“Not one other medical procedure is singled out for rationing” in the larger bill, she said.

Others contended that this amendment would result in women having to go out and buy insurance that would cover such a procedure, a prospect one lawmaker scoffed at, saying a woman does not plan for an unplanned pregnancy.

Representative Nita Lowey, Democrat of New York, called it “a disappointing distraction” from the main event. Representative Barbara Lee, Democrat of California, said the amendment would take women “one step back” toward the dark days of back-alley abortions. Representative Rosa DeLauro, Democrat of Connecticut, said, “We should not be injecting this divisive and polarizing issue into our debate.”

And the full speech by Rep. Jan Schakowsky of Illinois:

This Stupak-Pitts Amendment goes way beyond current law. It says a woman cannot purchase coverage that includes abortion services using her own dollars — even middle-class women using exclusively their own money will be prohibited from purchasing a plan including abortion coverage in every single public or private insurance plan in the new Health Care Exchange.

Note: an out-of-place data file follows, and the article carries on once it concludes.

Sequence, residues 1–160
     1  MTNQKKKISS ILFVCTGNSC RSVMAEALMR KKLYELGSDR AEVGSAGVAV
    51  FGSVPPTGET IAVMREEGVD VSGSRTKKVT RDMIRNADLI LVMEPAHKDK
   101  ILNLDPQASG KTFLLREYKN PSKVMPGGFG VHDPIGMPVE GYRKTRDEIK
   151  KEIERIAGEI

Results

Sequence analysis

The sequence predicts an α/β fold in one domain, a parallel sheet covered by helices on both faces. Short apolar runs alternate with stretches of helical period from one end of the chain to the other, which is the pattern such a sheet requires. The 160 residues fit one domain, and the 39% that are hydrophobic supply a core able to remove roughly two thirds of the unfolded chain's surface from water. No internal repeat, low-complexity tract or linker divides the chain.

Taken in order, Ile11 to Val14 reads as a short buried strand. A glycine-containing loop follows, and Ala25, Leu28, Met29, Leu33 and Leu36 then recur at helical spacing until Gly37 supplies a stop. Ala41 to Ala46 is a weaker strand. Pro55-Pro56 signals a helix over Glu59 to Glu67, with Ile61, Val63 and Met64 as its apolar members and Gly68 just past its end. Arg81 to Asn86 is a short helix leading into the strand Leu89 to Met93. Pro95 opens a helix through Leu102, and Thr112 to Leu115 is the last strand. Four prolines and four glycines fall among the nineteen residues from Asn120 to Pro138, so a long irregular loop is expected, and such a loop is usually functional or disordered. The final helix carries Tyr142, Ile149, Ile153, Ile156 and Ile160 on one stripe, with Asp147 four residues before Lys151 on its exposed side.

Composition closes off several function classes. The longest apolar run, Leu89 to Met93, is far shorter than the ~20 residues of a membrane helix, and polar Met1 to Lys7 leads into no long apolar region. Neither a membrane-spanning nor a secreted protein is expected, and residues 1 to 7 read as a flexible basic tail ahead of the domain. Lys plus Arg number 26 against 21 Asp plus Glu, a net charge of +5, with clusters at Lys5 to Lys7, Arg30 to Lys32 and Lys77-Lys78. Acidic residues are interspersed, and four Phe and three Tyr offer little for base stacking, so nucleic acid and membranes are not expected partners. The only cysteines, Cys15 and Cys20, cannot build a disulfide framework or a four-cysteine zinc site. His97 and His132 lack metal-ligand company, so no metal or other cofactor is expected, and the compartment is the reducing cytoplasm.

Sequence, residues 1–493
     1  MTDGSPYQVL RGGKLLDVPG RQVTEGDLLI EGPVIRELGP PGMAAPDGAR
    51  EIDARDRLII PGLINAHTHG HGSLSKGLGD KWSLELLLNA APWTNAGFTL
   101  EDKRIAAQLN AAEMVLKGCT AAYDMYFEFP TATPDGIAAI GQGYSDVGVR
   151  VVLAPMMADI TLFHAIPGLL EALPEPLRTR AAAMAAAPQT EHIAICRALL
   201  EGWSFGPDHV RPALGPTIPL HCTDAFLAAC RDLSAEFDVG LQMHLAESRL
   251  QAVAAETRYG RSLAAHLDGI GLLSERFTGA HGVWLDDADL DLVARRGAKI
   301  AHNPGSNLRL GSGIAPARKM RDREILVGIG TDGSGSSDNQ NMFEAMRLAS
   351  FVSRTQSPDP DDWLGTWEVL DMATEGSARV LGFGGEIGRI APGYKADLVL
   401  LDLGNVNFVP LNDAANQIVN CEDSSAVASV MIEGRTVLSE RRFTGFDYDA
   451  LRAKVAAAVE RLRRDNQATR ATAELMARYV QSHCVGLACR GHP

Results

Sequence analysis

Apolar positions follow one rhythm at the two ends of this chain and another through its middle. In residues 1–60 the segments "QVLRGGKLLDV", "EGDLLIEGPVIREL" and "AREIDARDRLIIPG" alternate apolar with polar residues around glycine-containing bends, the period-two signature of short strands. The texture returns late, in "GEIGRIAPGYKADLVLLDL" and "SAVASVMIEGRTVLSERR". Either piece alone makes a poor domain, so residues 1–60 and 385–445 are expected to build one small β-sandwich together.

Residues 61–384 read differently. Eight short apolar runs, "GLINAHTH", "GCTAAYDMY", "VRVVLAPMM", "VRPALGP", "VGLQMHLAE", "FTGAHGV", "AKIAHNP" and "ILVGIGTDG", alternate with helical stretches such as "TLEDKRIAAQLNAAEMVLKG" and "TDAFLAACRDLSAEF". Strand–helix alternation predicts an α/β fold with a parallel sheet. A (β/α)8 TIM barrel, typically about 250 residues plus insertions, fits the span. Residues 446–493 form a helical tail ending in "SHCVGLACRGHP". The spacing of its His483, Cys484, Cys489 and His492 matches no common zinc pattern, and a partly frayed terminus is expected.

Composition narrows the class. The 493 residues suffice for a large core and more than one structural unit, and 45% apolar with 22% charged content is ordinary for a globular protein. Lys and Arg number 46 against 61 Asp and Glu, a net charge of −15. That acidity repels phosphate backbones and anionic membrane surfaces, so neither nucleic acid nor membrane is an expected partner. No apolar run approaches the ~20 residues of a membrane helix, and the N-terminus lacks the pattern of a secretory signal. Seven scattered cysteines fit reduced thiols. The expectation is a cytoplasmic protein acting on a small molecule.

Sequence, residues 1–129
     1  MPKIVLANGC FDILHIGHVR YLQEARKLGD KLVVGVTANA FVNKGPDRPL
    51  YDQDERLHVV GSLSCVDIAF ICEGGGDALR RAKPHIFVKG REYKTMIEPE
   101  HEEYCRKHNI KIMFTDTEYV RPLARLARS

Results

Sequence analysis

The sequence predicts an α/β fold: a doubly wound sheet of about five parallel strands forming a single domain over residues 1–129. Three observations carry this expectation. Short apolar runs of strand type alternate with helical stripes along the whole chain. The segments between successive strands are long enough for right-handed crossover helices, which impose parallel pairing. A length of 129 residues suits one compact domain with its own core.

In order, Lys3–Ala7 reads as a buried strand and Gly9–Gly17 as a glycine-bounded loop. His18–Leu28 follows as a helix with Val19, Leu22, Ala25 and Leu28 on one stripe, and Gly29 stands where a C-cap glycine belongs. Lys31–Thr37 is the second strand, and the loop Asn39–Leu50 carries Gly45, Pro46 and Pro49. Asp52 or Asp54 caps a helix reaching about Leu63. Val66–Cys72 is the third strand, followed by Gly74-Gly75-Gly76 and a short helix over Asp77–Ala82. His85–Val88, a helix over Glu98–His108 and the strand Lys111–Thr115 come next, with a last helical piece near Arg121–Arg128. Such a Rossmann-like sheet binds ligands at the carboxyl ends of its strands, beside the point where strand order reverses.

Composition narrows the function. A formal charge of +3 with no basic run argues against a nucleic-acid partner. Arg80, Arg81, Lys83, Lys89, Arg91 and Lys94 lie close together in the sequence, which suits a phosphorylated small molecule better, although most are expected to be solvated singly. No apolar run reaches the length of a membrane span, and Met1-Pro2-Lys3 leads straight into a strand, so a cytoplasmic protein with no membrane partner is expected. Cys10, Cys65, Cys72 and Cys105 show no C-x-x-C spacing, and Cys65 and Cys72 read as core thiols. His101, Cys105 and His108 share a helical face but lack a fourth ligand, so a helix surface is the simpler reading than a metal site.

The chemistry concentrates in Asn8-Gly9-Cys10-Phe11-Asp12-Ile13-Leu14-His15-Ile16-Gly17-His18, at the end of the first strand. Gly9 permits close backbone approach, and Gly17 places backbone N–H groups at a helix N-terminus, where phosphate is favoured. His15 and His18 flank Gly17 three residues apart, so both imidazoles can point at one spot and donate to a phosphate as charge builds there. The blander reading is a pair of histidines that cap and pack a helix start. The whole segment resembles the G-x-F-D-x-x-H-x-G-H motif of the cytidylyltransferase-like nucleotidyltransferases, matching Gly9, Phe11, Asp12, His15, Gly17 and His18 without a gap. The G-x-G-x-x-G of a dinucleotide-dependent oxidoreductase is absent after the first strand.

Her only option is to buy a seperate insurance policy that covers an abortion — a ridiculous and unworkable approach since no woman plans an unplanned pregnancy.

This amendment is a radical departure from current law that will result in million of women losing the coverage they already have. Our bill is about lowering health care costs for millions of women and their families, not for further marginalizing women by forcing them to pay more for their care. This amendment is a disservice and an insult to millions of women throughout the country, and I urge a NO vote on this amendment.

These strong responses ultimately weren’t enough to kill the amendment, but they did serve as a reminder of the urgency of electing more pro-choice women to Congress. Anyone else have points to share?

November 7, 2009

Is Your Representative On This List? Call Now to Preserve Abortion Coverage

We’ve received news that these Democrats are on the fence about the Stupak amendment that would restrict abortion coverage in the health reform bill (read this post for background).